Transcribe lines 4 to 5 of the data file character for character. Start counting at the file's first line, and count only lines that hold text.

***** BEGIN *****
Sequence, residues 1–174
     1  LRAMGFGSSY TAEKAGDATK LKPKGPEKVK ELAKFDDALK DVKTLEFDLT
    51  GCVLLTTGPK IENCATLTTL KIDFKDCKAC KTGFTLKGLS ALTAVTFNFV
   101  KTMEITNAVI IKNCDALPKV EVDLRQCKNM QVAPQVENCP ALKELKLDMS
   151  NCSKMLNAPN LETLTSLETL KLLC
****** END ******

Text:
   101  KTMEITNAVI IKNCDALPKV EVDLRQCKNM QVAPQVENCP ALKELKLDMS
   151  NCSKMLNAPN LETLTSLETL KLLC